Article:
The San Jose Mercury News picked up last night’s discussion of Magnatune . . .
(Good Morning Silicon Valley: “The real winner of The Great Recording Industry Business Model contest“)
Follow Up (10/4/03)
I’ve been discussing the music business models a lot lately. As a strategist, I’ve followed the music industry for years. I view Magnatune as the next step for independent labels; They are a bridge to an internet based indie model.
Magnatune‘s success will depend on how well they execute, and how rapidly musical talent adopts their structure:
In terms of execution, they have to get past two hurdles: finding that talent and promoting them to the public.
It’s crucial that Magnatune has a critical mass of bands signed up in a broad variety of musical genres; That’s what will attract music consumers to their website in the first place. They are almost there now, and at the rate they’ve been going, I don’t think it will be all that long before they have true critical mass in terms of lots and lots of varied content. (Personally, I’d like to see Jazz added as a genre).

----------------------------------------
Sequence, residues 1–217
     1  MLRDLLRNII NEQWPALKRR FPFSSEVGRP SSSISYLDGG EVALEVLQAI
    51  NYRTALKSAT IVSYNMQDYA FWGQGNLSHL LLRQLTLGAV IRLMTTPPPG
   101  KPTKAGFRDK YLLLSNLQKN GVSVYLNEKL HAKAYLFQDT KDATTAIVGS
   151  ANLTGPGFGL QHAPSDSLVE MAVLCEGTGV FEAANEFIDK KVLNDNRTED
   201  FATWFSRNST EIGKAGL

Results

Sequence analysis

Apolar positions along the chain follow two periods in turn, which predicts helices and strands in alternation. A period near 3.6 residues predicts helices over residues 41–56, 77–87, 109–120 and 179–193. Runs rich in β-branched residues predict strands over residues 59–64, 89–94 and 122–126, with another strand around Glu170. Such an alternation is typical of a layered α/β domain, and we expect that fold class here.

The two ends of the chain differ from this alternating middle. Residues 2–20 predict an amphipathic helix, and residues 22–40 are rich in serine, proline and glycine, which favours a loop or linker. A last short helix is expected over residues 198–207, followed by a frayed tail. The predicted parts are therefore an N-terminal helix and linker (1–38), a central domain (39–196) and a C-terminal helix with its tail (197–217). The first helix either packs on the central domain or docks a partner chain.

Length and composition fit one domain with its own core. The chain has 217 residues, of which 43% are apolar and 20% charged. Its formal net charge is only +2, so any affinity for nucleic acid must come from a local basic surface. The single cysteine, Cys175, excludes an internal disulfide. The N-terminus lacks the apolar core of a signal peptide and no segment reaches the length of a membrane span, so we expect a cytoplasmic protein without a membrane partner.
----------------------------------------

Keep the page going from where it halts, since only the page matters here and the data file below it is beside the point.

Assuming they are able to attract enough new talent, it then becomes crucial that they can break through all the musical clutter.
While radio has gone one way (narrower), the net has gone in the opposite direction. Clearchannel now dominates what’s heard on the radio in the US; The playlist of music the public hears over the airwaves has become shorter and shorter. Conversely, on the web, the amount of content has just exploded. Between mashups, mixes, acoustic/live, and of course, P2P, there is simply an overwhelmingly vast amount of music out there.
Being able to be heard overe the din will be quite a challenge.
Structure is an entirely separate matter. I think of Magnatune as a transitional music business model; They are the indie label of the near future. They use the connectivity of the net to find acts, to promote their music, to get it heard by the public, and to sell and distribute it.
I think we will see other Magnatune like labels. Whether they consolidate into a handful of large independents, or proliferate into 1000s of small outlets has yet to be determined. But its a huge step forward from what the big labels do – manufacturing polycarbonate discs, shipping them to distribution centers around the country, where they get trucked to warehouses, and then eventually to the retail chains. Magnatunes model is light years ahead.